When Al Gore claimed he helped to develop the Internet, he spoke without realizing that the Internet as we knew it had existed in some form for six decades. He’ll never live that down. Our ability to create and store digital data dates as far back as the 1950s, when the very first computers connected people to one another without concern for time and space. Our ability to use a cloud storage system, in fact, has been around longer than most roads.
In The Beginning
The earliest computers filled rooms and took hours to do a simple addition problem, so you can imagine how difficult connecting two of these computers would have been. Yet this is what the precursor to cloud computing did. The first servers consisted of multiple terminals with the same access to a single point. Though wireless access would be many, many years out, this system allowed any user to get access to the mainframe and add or withdraw bits of information.
In 1969, JCR Licklider (who would go on to found the prototype of the modern Internet, Arpanet) had a vision of connecting databases from anywhere on the planet to any user. Licklider used mass-input computing for many operations, including census data and stock investments, but never had the tools to connect millions of users to a single source. At the time, packet switching amounted to the closest thing to a digital connection but required a routing network that broke data up and re-assembled it rather than allowing for instant access. Today, data protection and backup companies like Mozy sell cloud storage to individuals and businesses that need to store large volumes of data. During the 1970s, however, security focused came from the threat of a nuclear attack disrupting communications rather than an identity thief.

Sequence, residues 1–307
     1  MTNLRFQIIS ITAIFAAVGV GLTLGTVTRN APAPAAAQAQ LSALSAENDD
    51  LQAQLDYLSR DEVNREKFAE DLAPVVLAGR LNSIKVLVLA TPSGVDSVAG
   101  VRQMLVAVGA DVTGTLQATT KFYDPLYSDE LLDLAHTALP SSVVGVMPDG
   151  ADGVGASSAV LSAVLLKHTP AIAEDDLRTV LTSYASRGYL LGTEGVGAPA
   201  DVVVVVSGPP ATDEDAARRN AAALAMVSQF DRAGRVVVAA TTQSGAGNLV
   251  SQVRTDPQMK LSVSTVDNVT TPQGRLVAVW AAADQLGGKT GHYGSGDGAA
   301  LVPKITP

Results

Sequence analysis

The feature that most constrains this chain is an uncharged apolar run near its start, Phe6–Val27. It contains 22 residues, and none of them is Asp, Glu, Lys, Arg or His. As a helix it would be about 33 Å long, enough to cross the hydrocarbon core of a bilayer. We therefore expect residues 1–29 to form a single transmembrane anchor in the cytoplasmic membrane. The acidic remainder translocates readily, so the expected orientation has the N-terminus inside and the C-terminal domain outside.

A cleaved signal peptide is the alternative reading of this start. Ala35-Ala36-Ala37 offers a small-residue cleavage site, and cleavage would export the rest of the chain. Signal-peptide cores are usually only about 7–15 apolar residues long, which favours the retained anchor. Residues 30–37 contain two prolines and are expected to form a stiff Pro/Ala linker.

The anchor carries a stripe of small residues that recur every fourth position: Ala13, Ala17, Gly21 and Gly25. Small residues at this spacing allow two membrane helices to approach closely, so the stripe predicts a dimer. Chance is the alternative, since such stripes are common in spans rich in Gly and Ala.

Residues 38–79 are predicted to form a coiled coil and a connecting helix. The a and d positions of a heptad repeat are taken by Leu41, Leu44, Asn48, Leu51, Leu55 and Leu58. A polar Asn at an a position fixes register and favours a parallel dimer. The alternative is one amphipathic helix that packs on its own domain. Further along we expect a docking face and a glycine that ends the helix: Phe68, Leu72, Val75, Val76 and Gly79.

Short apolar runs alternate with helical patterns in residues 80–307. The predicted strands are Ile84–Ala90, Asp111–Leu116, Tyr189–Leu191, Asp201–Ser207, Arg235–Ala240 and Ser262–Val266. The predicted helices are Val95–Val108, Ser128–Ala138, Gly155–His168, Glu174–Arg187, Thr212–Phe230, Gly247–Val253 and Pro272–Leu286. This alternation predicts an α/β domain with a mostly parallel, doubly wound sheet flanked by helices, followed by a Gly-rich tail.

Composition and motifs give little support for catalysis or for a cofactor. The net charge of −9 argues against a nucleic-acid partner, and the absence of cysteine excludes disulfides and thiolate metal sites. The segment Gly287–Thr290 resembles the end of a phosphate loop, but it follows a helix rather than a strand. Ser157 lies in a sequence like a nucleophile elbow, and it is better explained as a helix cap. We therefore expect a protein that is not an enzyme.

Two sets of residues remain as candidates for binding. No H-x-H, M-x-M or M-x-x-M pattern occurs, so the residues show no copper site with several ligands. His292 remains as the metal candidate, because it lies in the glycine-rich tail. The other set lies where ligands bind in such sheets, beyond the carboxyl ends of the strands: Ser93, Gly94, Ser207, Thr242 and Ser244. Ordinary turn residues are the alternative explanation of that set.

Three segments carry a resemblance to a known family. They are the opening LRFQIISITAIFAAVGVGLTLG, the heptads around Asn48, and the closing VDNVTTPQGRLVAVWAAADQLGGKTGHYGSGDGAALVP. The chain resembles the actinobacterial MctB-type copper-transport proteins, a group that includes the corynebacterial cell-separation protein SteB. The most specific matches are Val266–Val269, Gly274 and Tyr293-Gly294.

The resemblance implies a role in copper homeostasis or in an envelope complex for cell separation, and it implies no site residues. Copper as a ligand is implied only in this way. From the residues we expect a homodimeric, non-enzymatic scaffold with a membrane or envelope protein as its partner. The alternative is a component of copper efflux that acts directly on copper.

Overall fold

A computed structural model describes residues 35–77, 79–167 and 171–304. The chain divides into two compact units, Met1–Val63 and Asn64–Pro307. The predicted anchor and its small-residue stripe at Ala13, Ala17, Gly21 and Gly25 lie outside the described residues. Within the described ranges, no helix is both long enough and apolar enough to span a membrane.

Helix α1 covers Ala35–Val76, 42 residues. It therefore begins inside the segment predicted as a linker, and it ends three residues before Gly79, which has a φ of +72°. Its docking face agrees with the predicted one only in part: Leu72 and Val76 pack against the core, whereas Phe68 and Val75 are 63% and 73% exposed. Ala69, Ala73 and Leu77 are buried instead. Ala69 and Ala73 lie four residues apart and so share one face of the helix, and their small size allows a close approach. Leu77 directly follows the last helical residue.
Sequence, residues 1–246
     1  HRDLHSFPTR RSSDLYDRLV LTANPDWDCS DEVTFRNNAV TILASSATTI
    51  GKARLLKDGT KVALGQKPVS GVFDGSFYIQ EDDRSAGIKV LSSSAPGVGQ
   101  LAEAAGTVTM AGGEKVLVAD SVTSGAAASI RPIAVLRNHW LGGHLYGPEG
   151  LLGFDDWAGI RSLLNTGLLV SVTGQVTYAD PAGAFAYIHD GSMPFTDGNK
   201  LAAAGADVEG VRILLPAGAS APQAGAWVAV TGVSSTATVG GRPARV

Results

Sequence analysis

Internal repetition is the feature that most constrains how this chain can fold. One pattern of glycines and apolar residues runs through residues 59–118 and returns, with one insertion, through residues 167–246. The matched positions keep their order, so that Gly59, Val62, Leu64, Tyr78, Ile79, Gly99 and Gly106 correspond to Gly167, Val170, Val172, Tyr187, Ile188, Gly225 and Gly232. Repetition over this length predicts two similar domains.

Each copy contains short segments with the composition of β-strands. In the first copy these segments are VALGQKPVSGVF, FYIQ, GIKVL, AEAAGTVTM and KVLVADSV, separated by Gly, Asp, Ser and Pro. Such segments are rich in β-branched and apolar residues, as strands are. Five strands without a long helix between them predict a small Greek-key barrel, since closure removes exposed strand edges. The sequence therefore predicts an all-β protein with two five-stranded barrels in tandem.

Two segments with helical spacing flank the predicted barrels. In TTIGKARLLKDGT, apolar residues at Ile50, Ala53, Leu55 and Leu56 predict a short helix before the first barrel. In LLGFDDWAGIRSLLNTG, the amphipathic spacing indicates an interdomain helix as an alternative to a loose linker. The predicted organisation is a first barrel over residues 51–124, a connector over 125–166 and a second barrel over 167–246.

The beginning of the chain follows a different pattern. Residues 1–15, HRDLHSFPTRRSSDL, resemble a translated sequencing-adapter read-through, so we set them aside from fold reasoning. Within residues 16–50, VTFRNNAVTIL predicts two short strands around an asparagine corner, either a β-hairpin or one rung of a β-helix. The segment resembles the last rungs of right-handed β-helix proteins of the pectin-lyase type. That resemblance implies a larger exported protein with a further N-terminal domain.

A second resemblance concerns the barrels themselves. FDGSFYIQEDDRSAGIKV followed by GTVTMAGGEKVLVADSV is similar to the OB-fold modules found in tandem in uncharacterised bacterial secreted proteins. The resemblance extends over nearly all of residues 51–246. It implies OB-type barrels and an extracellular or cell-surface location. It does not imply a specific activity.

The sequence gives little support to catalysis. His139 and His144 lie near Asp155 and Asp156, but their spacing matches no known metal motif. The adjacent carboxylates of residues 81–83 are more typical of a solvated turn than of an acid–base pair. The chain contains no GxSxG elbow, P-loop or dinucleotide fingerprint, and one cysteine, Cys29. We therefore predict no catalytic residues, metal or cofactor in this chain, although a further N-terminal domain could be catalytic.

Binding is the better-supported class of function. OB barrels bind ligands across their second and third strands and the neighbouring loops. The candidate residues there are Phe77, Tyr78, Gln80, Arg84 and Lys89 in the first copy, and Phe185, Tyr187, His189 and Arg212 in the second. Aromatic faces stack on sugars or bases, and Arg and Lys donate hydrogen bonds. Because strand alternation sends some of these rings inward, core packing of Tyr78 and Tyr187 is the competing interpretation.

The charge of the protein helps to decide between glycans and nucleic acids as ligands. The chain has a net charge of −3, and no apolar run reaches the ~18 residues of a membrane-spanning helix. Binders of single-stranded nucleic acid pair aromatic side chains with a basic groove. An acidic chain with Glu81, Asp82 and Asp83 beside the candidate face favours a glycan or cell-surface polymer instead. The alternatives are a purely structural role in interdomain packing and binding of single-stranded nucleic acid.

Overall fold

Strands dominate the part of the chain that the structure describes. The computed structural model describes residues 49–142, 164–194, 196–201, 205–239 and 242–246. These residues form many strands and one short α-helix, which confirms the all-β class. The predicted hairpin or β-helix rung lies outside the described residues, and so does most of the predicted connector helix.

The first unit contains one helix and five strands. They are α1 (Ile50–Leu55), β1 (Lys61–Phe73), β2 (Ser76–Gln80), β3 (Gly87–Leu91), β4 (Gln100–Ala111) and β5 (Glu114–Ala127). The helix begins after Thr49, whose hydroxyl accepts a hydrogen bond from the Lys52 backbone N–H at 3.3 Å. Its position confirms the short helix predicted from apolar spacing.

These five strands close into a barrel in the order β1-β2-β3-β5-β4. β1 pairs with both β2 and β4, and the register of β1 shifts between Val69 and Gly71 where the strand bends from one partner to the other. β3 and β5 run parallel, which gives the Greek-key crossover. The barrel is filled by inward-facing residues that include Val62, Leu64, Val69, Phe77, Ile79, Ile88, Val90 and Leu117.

Given A Name
The first record in human history of “cloud computing” comes from IT professor Ramnath Chellapa in 1997. During the late 1990s, the Internet boom had reached new heights, but the only interface for digital data storage amounted to shared web hosting. Additionally, says TECHi, dedicated hosting services promised full administrative access to a single server, but could not yet deliver wireless capabilities.
A True Cloud
The invention of wireless Internet did more to power the growth of the cloud than any other factor. With on-demand WiFi, an individual no longer needed a connection jack and a reliable outlet, because more places across the world began to incorporate wireless Internet into infrastructure and digital capabilities. In 2006, Amazon launched the first commercial cloud, called the Elastic Compute Cloud, which Computer Weekly called the first widely available cloud service. Competitors flocked to gain market share by launching their own cloud functions, such as Google Drop Box and Apple iCloud. Going forward, cloud capacities will expand drastically, with Forbes estimating some $150 billion going into the industry to match the 300 percent growth in job functions.